Calvin Ayre Pleads Guilty to Misdemeanor8 months ago
His days as a fugitive have officially come to an end as online gambling kingpin Calvin Ayre agreed to a plea deal with federal prosecutors that saw him accept guilt for a single misdemeanor while felony gambling charges were dropped.
Ayre's mug shot as a most wanted man previously graced the pages of the US Immigrations and Customs Enforcement's (ICE) Department of Homeland Security for a time, amid alleged sex traffickers and drug dealers. ICE can now officially archive that photo after Calvin pleaded guilty to being an accessory after the fact with regard to the transmission of gambling information.
The plea deal was solidified at a federal hearing in Baltimore, Maryland with Ayre patched in via telephone from Canada, according to Forbes. The 56-year-old Canadian has apparently not set foot on American soil since the felony charges of money laundering conspiracy and illegal gambling were levied against him in February 2012.
The deal was approved by Judge Catherine Blake, who imposed a sentence of one year of unsupervised probation and a $500K fine. In addition, Ayre received the seized Bodog domain for $100,000, but agreed not to put in a claim for any of the $66 million that prosecutors snatched from payment processors.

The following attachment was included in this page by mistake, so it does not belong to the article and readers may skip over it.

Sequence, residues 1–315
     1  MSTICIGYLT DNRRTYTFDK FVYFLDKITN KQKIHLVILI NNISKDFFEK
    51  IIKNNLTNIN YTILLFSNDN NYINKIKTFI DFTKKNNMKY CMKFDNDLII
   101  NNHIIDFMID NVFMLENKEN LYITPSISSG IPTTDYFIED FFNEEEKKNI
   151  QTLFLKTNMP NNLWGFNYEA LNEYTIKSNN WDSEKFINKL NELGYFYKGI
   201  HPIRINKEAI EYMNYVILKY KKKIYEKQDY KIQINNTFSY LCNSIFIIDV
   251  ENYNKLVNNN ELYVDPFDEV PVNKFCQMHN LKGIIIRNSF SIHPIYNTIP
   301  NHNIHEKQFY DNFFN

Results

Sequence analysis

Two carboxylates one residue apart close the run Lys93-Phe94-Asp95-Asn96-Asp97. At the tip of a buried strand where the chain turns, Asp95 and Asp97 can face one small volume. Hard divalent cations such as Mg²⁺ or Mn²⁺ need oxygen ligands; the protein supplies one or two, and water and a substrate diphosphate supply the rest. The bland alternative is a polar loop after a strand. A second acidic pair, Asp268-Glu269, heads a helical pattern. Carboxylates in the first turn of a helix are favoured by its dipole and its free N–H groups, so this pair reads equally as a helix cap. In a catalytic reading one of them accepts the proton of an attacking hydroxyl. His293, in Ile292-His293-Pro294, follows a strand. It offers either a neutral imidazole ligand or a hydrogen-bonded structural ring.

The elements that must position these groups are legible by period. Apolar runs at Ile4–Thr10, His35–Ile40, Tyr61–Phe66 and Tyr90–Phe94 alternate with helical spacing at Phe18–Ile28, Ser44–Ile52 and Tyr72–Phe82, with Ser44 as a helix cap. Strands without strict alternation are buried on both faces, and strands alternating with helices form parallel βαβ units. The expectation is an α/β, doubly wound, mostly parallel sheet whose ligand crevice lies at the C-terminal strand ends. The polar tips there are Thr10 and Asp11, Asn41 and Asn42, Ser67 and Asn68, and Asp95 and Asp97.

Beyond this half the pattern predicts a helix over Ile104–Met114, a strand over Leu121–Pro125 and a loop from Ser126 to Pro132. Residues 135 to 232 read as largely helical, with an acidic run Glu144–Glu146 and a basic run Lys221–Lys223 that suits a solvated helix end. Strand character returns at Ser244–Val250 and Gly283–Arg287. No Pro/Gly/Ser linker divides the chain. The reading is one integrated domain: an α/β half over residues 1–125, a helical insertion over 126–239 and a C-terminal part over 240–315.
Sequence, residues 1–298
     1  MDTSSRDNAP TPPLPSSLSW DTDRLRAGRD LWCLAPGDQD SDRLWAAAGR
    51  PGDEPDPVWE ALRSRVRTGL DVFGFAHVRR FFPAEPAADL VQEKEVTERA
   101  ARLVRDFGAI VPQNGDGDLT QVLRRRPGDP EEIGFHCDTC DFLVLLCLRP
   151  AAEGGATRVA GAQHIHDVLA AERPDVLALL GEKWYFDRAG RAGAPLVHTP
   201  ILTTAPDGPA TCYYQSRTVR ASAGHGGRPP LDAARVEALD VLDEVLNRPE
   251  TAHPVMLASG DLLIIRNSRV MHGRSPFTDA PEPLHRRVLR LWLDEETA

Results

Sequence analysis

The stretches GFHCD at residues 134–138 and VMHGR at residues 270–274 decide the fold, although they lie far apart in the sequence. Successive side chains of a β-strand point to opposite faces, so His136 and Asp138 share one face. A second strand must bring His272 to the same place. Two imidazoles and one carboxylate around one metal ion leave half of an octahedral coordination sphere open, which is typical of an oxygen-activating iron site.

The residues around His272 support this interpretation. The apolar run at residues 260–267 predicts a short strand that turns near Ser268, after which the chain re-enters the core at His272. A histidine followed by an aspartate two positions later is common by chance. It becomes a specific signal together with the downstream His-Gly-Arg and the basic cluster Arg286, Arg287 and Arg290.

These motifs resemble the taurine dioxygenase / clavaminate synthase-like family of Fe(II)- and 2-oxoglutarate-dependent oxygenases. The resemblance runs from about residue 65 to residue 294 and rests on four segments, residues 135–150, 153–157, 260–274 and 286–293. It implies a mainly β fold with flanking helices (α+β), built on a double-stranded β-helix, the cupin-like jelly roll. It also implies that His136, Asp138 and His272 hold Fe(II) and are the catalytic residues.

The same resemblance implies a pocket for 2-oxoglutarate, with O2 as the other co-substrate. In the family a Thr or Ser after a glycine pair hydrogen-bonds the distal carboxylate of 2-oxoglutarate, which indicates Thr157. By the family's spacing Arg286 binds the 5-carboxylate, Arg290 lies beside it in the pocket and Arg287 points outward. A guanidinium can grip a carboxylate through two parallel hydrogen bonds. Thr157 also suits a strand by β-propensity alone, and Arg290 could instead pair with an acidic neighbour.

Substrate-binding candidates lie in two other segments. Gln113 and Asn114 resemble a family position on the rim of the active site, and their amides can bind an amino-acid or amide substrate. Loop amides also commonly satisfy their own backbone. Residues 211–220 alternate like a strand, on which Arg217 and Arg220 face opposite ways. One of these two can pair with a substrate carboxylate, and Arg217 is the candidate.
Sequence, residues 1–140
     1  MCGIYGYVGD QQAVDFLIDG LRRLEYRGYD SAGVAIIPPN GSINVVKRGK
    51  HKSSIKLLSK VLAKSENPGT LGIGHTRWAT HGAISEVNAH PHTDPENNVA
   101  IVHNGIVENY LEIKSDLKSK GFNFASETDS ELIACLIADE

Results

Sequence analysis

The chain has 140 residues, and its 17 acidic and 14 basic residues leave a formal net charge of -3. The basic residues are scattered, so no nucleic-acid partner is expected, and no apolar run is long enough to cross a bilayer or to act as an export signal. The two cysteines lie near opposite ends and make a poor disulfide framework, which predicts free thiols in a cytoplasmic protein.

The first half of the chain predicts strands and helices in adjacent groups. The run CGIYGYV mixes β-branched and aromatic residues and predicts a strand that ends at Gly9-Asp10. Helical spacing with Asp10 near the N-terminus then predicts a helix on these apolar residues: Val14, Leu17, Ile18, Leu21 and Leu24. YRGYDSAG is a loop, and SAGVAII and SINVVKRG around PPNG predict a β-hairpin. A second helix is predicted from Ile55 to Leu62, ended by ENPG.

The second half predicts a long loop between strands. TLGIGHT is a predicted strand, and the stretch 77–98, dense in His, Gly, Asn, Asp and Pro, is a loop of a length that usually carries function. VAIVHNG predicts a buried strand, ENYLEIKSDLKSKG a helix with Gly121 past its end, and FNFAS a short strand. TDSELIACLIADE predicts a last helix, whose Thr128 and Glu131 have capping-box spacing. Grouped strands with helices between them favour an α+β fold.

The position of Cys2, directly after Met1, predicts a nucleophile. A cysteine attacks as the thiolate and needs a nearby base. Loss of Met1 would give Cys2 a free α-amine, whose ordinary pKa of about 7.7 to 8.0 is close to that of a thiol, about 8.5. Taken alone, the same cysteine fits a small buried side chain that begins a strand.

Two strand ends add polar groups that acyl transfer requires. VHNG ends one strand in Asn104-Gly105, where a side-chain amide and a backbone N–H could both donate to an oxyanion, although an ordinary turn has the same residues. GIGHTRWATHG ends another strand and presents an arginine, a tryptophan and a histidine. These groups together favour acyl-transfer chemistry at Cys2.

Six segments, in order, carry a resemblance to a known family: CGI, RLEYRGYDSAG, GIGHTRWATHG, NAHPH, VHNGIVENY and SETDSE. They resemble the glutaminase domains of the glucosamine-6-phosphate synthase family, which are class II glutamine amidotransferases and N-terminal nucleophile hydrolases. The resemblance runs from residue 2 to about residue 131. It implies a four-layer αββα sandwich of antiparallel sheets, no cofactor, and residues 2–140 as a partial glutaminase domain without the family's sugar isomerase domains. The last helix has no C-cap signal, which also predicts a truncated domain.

Those funds, which actually belonged mostly to Bodog gamblers, were forfeited in conjunction with the case. Ayre made sure that his customers were reimbursed, manning up and taking responsibility for the deficit instead of skipping away.
“Mr. Ayre is pleased with the outcome of this case," stated his attorney, Barry Boss. "He looks forward to moving forward with his life.”
Billionaire Playboy Lifestyle
That life appears to be one that many would envy as Ayre is often photographed surrounded by gorgeous ladies and living the high life. His net worth is reputed to be over a billion dollars, with much of his monies reportedly going toward philanthropic efforts.
Ayre founded the Bodog Entertainment Group and displayed impeccable timing by launching Bodog.com in 2000 just before online poker and gambling became immensely popular. The sh*t hit the fan in 2012 when the feds in Maryland continued the assault on gambling websites catering to U.S. customers that followed the Black Friday indictments of the top three poker sites one year earlier.
In the five years in which Ayre was a fugitive, he maintained his innocence, insisting that he had done no wrong. He wasn't necessarily in hiding during that time, posting regularly on Facebook while apparently traveling between Antigua and Canada, and visiting other exotic locales that a billionaire playboy might fancy.
The sentencing memorandum made mention of Ayre's charitable efforts, as well as the difficulties and expenses related to extradition and prosecution. The plea deal "best serves the interests of justice while taking into account the practical realities" of the case, it stated.
Three Canadians charged alongside Ayre and Bodog were also dismissed from prosecution.
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